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Auckland is a spectacular mash-up of urban sophistication, Maori culture, mountains, sea, wineries and heart-thumping adventure. It's also one of the friendliest places on the planet. Known as the City of Sails thanks to a boat-loving population, it's no surprise that Auckland's waterfronts, bays, islands and harbors are deeply integrated into everyday life. Many of the most popular activities take place in and around the water.
Highly multicultural, Auckland offers a rich experience for visitors with its excellent ethnic restaurants and cultural institutions, most notably stellar Auckland War Memorial Museum where artifact-packed galleries are dedicated to Maori and Pacific Island cultures.
Tapping into the thrilling heart of high-stakes sailing, participants in America’s Cup Sailing adventures channel Team New Zealand in former America’s Cup racing yachts. Sailors and wannabes can help by hoisting sails or working the grinders, but it’s also okay to just sit back, hold on and enjoy the excitement.
The name Auckland War Memorial Museum is a bit misleading. Yes, the top floor has excellent galleries dedicated “to those who served,” but the museum’s focus is far broader. Among its most compelling collections and galleries are those telling the stories of Maori and other Pacific people. Not to be missed: daily Maori cultural performances.
Just 35 minutes from downtown by high-speed ferry, Waiheke Island offers enough for several visits. Within its 36-square-miles, there’s wine tasting, zip-lining, biking, art galleries, beaches, a brewery, archery, kayaking and excellent restaurants. There are also mesmerizing views of Auckland’s skyline. Best bet for panoramic photo op: Cable Bay Vineyards.
Hundreds of beaches hug Auckland’s shorelines. Close to downtown, Mission Bay Beach draws crowds with its wide swath of tawny sand and popular take-out fish-and-chips. Piha Beach and Karekare Beach are revered for their black sand, volcanic rock formations and surfing waves. They feel wild and isolated though they’re just an hour west of downtown. Karekare, within verdant Waitakere Ranges Regional Park, starred in Jane Campion’s The Piano, while Piha Rescue is a long-running reality TV series about the lifeguards who brave Piha’s deadly rip currents to save swimmers.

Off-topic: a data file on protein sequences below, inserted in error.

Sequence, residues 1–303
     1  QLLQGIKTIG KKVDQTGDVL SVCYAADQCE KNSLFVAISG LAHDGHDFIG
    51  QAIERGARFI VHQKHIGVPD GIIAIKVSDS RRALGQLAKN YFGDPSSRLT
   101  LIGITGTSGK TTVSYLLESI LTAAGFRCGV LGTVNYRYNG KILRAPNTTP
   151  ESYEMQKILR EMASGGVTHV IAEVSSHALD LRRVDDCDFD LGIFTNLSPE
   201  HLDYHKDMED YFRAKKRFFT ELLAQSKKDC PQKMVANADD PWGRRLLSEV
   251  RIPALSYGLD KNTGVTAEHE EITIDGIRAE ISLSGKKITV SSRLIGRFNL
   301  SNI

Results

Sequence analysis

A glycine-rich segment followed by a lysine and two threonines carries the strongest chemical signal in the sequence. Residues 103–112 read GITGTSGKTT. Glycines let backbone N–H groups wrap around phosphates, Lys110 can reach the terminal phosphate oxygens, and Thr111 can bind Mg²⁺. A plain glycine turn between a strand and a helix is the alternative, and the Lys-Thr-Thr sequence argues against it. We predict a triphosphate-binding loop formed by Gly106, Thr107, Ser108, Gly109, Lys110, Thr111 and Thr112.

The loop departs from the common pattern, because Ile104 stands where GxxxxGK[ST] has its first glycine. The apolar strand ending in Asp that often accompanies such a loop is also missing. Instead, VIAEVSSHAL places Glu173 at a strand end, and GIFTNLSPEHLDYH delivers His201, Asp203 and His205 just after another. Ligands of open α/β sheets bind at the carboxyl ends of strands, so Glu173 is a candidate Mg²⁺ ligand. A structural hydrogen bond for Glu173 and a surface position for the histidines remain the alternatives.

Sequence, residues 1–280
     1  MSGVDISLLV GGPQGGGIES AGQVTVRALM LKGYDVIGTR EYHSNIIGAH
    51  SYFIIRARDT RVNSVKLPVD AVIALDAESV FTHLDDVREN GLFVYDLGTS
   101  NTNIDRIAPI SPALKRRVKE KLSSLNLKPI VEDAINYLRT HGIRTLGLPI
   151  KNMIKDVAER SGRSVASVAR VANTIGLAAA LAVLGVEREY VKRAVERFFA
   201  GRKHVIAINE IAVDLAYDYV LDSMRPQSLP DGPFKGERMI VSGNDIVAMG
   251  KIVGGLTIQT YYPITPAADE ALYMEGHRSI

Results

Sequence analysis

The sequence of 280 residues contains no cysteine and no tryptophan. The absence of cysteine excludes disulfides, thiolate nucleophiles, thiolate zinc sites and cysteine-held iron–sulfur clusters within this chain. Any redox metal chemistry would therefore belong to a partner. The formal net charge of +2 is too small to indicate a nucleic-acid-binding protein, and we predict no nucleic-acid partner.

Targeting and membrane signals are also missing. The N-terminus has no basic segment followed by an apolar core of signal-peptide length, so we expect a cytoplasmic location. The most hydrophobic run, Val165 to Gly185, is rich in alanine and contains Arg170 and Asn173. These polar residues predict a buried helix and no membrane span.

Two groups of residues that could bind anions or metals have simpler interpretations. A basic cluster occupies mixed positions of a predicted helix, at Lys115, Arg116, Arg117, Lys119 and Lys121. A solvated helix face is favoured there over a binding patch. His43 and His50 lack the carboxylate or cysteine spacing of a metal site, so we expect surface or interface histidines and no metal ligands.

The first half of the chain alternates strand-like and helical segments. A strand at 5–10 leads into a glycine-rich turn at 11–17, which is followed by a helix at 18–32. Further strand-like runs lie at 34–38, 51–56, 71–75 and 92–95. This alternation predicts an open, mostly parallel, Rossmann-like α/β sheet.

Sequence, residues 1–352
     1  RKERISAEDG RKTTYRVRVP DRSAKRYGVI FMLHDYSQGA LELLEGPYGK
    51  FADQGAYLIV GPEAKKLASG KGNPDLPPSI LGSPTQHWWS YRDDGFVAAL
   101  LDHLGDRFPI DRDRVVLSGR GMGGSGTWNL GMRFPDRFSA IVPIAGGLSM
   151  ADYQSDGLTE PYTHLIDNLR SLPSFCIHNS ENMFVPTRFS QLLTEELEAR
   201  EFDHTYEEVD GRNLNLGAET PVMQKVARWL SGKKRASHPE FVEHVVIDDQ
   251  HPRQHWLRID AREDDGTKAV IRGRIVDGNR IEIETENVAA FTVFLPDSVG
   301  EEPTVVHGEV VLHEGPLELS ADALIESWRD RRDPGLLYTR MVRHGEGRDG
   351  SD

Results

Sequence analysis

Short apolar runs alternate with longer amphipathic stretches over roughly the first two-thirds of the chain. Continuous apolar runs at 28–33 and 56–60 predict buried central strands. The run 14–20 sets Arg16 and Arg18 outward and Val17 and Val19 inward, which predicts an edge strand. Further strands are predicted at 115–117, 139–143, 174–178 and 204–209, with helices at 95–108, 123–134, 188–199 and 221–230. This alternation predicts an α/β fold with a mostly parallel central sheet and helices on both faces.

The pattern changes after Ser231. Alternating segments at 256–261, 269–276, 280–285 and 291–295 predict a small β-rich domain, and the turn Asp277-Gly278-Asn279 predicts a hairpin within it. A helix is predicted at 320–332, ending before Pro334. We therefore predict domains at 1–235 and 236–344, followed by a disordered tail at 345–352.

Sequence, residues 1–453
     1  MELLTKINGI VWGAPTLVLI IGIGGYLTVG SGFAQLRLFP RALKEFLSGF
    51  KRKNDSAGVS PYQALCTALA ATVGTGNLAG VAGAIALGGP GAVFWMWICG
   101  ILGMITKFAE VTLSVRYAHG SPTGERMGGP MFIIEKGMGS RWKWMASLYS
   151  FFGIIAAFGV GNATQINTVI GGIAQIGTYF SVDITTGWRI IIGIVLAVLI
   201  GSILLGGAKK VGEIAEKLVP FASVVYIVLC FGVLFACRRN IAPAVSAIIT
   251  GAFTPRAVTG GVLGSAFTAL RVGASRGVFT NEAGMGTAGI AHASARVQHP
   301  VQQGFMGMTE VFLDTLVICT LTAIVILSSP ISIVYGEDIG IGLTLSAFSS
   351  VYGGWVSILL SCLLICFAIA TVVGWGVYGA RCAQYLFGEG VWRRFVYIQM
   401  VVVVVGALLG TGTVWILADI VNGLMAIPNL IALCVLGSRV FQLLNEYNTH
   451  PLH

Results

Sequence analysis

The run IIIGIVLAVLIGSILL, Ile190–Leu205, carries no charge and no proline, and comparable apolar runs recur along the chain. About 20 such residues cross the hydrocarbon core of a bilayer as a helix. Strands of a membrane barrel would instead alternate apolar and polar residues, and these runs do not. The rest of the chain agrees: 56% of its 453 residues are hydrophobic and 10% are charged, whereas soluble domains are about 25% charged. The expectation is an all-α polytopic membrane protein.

Many cruise day-trippers take advantage of horseback riding in New Zealand and Auckland’s nearby Waiheke island is the place to do it. Waiheke HorseWorx is a new operator that tours the beaches and bush tracks, taking in traditional Maori culture and Waiheke’s famous wineries.
Hiking on Bethells Beach is another good option for active travelers. The half-mile (8-kilometer) coastal walk from Bethells Beach to Muriwai takes in breathtaking views of the coast west of Auckland.
West of city center, Ponsonby is a thriving, fashion-centric neighborhood anchored by Ponsonby Road, along which many of the city’s hip boutiques and top ethnic restaurants sit. This is the place to discover trendy fashions by New Zealand designers as well as upmarket boutiques showcasing imported labels. People watching is superb.
Quirkier Karangahape Road, aka K Road, is lined with intriguing shops selling everything from retro and vintage clothing to contemporary art. Like Ponsonby, it’s a popular spot for ethnic eateries and nightlife—with added grit. The red city LINK buses give passengers access to K Road from the cruise dock area.
Like other city-center neighborhoods, Britomart has undergone transformation. Once derelict and light-years off the tourism radar, Britomart has a revved up bar and music scene in addition to shopping and cafes. Multilevel 1885 is a warehouse-chic bar with live music that ranges from jazz to blues and funk. Guests can move freely between 1885 and Britomart Country Club, a courtyard bar just across the lane. Racket, evoking early Havana with its antique furniture and an authentic 19th century humidor, draws late-night crowds to sip cocktails and listen to live bands or DJs.